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Stamp history

In 1635, a French postman named Messi Waleedi devised a special emblem and launched it. Following him, a Swiss named James Chalmere printed stamps at his printing house and presented them to the British government in 1834. In 1873, Ronald Hill, senior staff member of the British Post Office, acknowledged the importance of work in the House of Commons.

In May 1840, the British government published and issued the world's first stamp worth half a penny, with the image of the Queen of England, Queen Victoria, who later became known as the Black Penny. Thus, Ronald Hill is the father and inventor of postage stamps in the world. The first stamp of Iran was unveiled in Tabarestan.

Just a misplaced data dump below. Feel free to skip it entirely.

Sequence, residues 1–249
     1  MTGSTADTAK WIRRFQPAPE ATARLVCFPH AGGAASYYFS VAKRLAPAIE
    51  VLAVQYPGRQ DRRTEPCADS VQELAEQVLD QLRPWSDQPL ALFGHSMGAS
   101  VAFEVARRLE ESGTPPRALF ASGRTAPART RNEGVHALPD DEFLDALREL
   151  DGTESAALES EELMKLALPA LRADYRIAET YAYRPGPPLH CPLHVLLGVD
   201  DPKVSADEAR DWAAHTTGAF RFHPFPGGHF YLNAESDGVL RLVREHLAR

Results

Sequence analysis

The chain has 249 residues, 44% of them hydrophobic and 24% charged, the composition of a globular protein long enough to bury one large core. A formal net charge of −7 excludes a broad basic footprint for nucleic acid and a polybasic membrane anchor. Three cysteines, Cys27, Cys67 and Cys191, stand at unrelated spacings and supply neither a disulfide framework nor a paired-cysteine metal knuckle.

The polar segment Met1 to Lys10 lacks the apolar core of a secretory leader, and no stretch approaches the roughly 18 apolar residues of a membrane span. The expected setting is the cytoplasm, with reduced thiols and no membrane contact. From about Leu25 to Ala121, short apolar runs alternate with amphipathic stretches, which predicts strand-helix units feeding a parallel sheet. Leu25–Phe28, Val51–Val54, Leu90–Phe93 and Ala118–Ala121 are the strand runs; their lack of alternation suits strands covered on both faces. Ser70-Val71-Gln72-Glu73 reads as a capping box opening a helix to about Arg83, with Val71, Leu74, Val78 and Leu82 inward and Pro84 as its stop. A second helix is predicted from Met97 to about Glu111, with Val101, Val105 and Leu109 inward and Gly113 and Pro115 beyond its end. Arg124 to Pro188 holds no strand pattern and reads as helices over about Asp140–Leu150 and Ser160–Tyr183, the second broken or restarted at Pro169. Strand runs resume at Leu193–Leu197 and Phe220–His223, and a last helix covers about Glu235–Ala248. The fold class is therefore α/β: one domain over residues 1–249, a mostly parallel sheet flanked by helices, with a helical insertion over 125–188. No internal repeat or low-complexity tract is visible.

The first countries in South Asia and the Middle East and the Middle East that began to publish stamps were India in 1854, Ottomans in 1863 and Egypt in 1866

Date stamp in Iran

For the first time in 1279, with the establishment of the British Post Office in Bushehr and the use of Indian stamps in postal supplies, stamps were used in Iran. The oldest official stamp of Iran, known as Tamberg Bagheri, was published in the year of King Nasir al-Din Shah Qajar in 1292 AH. The role of this stamp, the official symbol of the government of Iran, the lion and the sun, is located in a circle and in the quadrangles the price of each stamp is included in Persian. Mohammad Mehran and Nasser Gorgi are designers of stamps in Iran.

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